I did a signing yesterday, and during my talk with the audience (tiny, but attentive and interactive and greatly appreciated) I spoke of a Chinese Puzzle Ball, you know, one of those games where you revolve wooden shells to create a direct path through the balls, large enough to accept a dowel. I said that creativity is much like this. We have to arrange our lives and days and consciousness to allow our true selves to emerge. And that true self is pure creative lava.
Touching that place within me was wonderful…and then Jason began to wake up. “Mommy…Daddy…Mommy…Daddy…” he isn’t really quite awake yet, just preparing to enter the day. His sleeping consciousness is reaching out to the people who love him. Mommy. Daddy. Sister. It is what he knows, and all that keeps him alive.
Yesterday he was “bad” at day care. One of the hardest things I do in life is pretending to be angry for this. Is punishing him, whether with looks, words or what I refer to as “talking directly to his nervous system”. Ahem. I remember that one of the happiest days of my life was the moment I realized that Nicki, at 7, was old enough to reason with, and that I would never have to spank her again. WOW I’ll be glad to hit that point with Jason. He needs me.
And he needs me to be me. Really me. Not the wounds, the pain, the hopes and dreams, the resentments and fears. Me. Nothing else will see him through.
When he sees me, all he sees is the potential of life. The possibility of growth. His hero. He does not see my flaws and failings…not yet. Time enough for that, God knows. If I love him, and I do, I must be the very best I can be. No. I have to be better than the best “I” can be. The perceived limitations of ego cannot be allowed to define my existence.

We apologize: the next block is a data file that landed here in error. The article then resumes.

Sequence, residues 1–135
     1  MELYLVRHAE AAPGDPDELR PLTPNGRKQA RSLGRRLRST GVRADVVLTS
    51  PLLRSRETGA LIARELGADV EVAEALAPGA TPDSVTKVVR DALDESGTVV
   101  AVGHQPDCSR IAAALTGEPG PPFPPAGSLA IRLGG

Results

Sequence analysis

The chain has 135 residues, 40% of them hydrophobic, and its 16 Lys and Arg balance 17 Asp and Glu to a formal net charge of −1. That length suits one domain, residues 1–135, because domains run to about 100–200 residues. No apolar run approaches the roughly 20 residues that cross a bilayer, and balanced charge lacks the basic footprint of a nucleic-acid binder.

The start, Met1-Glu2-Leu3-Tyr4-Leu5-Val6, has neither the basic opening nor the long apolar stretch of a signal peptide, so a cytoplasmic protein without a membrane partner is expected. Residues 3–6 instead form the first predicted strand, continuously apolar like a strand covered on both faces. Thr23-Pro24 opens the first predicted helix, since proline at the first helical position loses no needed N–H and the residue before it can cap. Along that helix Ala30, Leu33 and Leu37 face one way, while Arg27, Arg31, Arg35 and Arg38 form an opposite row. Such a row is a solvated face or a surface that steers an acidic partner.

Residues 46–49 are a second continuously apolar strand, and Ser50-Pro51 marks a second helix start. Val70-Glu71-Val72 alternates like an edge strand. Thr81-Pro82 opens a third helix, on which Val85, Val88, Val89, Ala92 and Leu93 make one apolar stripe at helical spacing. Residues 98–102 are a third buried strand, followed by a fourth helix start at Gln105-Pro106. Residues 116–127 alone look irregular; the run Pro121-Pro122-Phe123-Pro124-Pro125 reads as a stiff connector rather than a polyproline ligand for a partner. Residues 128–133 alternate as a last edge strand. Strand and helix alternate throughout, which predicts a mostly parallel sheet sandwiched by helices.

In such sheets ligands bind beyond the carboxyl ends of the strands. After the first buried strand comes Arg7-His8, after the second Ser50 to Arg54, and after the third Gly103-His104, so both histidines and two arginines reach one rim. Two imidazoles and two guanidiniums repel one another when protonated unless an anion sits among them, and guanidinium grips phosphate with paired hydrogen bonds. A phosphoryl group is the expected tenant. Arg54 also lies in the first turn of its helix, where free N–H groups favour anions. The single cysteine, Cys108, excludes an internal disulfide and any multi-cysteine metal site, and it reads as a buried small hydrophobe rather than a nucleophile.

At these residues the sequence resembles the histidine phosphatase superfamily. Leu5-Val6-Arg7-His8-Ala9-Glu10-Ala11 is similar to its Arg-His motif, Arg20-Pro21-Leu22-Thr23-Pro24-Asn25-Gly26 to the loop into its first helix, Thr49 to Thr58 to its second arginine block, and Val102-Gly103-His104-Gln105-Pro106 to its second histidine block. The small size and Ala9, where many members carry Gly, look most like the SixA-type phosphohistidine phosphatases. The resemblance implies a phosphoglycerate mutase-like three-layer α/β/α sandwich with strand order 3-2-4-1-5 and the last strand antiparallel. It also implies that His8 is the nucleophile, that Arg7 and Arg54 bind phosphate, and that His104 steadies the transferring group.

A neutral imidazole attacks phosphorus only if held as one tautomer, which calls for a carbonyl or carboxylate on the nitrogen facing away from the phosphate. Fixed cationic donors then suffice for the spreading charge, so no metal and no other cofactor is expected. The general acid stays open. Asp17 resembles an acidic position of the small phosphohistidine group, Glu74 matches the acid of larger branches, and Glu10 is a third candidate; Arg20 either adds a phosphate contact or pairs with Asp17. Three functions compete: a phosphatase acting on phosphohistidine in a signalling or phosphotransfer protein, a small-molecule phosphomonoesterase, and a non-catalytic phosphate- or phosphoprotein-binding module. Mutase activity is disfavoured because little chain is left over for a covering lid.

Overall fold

So, every day I have to clear my mind, stress and rest my body, work at my chosen profession, hug my children, tell my wife I love her, cling to the path of self-discovery, and give myself away as much as I can. Every day is one day less to do what I came here to do.
And in one very important sense, I came here to be a father.
Posted by Steven Barnes at 7:04 AM
Tuesday, July 11, 2006
A spirit, clothed in flesh. It is so easy to forget this, to slip into the illusion that I “am” any number of the roles I play, or the aspects I represent. In my meditations this morning, I found myself scanning the various small and large torments I inflicted during yesterday’s workouts, and felt grateful that today is a recovery day…yoga only…
Then I realized that that voice was just a voice, and, although today remains a recovery day, my body actually feels fine.
I am a man…
Arrgh. Boy oh boy, do I hear, loud and clear, the rattle of the naked ape in the back of my head. It wants out of responsibility. It wants out of obligation. It is tired of fidelity, and wants to go after everything female with the proper waist-to-hip ratio. It seeks to justify its prospective transgressions on evolutionary grounds. It would destroy my marriage, my career, my life for momentary gratification, and then grin at me and shrug.
I am black…